Cinderella Review

How the slightly promising have fallen. Kay Cannon may have set off amicably well with Blockers, but her desire to knock her career stone dead with an Amazon adaptation of Cinderella is a fascinating change of pace. Fascinating in the same way that dolphins can will themselves to die or that the first parachute jump failed. That level of ambition is there, but the result is a disaster. A glossy carnival ride, a freak show that will never end. Bright and chirpy, modern and aggressively dull. That’s showbiz. What can you do with Cinderella, really? Try not to add music, maybe? That’d be a nice start.

Cannon and the cast didn’t get that memo. The musical interludes, of which there are many, is ludicrously horrible. That idea of beauty being hidden underneath, central to the theme of the original feature, is lost when casting Camilla Cabello and lighting her up so brightly with lavish costumes that make the usually down-in-the-dumps future princess look more like a glammed-up pop star. But that’s the issue with adaptation. Make it for the lowest common denominator. Take the songs at literal, face value. Queen’s Somebody to Love features as an interlude for a prick-looking prince to sing along to. A song of deep religious strife, brought to you by corporate harmony. But if the music weren’t bad enough, the performances are even worse.

That over-the-top attitude looks to signify every bit of dialogue as something for audiences to cling to. It’s unnecessary and annoying. Cinderella (Cabello) speaks to herself rather frequently, in large pockets of absolute nonsense. Gluttonous bouts of gaudy costume design, straight from the factory of Mr. Kipling and stretched out to fit the extras who look confused and tired and underfed. They have been released from their Amazon work pen. Stop filing those rejected scripts, get this oversized costume on and stand in the background, head tilted slightly to the side as you fawn over the musical numbers. It is hard to convey much care for Cinderella when the core of this fairytale story, the real message behind it, is obsolete. Pierce Brosnan makes sure of that, adding an angle for the prince that was both never needed and never wanted. Still, plug the holes and bumps in the road with comedy characters and one-line nonsense. Brosnan survives that much at least.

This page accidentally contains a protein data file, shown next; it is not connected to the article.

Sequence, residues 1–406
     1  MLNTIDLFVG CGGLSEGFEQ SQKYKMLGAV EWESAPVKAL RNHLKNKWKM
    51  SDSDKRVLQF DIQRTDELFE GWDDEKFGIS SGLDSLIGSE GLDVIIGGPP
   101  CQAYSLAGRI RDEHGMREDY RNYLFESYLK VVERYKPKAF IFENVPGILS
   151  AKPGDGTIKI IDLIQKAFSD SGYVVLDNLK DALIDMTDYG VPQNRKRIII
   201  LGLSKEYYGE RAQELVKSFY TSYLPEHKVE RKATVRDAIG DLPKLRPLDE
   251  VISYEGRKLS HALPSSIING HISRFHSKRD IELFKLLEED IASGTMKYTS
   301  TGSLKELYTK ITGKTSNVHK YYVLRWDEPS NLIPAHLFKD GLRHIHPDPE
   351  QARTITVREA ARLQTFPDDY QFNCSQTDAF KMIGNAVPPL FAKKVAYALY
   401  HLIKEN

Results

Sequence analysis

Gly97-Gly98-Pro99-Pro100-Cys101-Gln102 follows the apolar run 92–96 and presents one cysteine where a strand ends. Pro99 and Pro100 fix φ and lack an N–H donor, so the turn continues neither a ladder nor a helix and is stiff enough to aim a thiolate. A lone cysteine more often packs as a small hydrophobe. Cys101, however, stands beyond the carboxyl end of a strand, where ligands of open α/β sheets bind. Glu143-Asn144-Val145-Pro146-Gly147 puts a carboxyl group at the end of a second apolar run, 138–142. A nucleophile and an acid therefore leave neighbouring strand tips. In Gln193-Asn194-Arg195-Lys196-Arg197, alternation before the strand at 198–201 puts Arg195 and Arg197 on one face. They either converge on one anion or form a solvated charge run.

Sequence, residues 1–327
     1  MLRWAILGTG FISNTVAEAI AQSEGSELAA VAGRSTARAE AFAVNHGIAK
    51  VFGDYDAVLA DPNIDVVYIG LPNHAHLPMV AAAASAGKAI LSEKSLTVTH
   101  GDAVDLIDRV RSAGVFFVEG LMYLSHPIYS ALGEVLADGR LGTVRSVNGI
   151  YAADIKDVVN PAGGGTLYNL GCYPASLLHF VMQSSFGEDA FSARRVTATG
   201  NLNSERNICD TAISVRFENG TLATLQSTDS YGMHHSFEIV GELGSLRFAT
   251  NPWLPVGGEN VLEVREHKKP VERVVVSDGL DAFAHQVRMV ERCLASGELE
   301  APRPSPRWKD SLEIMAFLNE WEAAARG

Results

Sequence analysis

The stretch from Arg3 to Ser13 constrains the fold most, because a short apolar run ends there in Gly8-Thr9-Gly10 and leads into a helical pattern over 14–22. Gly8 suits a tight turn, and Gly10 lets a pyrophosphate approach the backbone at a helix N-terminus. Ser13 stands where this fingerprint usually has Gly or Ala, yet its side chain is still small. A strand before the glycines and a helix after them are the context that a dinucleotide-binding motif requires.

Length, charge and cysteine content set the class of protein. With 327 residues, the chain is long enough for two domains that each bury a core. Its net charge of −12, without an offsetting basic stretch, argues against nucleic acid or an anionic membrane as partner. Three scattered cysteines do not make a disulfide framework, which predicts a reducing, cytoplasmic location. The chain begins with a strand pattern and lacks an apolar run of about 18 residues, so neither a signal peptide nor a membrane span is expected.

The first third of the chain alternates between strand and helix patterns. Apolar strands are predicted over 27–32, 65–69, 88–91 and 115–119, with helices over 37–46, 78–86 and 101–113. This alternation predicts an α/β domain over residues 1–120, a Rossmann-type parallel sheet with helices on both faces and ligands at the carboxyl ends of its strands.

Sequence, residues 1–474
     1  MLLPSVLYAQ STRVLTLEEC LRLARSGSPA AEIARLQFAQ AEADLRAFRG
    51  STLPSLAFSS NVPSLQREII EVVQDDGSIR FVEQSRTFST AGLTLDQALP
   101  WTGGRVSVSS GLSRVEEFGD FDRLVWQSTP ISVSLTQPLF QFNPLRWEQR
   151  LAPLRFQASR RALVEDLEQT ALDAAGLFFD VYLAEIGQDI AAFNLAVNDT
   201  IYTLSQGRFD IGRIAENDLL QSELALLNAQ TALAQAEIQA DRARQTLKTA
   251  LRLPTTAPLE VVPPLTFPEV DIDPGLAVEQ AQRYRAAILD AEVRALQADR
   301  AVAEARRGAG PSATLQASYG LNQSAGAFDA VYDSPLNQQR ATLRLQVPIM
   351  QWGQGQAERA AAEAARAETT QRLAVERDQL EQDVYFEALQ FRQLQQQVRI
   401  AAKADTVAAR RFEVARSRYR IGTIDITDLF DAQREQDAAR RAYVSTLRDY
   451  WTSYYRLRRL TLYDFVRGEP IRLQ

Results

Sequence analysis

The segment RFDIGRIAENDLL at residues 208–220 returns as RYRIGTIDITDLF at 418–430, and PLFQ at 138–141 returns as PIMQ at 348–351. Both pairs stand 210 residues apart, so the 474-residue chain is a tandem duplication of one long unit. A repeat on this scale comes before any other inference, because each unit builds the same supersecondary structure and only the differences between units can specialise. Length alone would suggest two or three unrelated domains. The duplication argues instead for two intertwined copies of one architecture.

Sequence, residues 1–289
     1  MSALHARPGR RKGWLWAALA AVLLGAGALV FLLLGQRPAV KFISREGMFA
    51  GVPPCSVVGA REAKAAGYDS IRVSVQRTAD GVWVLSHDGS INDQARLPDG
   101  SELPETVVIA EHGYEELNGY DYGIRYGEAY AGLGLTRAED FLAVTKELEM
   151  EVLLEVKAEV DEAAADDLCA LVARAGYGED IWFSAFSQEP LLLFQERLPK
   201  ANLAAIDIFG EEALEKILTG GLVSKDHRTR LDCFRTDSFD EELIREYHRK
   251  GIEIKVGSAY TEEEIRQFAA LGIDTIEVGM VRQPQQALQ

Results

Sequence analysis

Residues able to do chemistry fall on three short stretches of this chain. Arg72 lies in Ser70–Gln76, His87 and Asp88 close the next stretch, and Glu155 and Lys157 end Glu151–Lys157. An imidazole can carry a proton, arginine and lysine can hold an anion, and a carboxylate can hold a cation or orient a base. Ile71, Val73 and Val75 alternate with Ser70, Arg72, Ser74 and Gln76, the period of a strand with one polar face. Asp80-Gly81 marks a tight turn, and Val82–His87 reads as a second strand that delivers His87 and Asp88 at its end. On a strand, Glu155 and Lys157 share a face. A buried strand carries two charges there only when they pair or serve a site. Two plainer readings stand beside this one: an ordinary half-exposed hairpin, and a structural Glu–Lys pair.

Unnecessary. Unwanted. Unloved. But enough about James Corden. How he has winkled his way into yet another adaptation of Cinderella is the elephant in the room. He manages it because he smuggled himself into the hearts and minds of the American audience. Walter Kronkite wishes for this level of influence. England’s loss is America’s loss also, to paraphrase the great Stewart Lee. Cinderella is oddly dependant on the bit-part comedians from across the ocean. James Acaster, Romesh Ranganathan and Rob Beckett can all be spotted, in what is the most delicate and unfortunate Taskmaster reunion tour put to screen. Still, more fool you if you believed Cinderella was going to be anything more than a sad, run-of-the-mill bit of static that washes away the message of the original with bright colours and brighter costumes.

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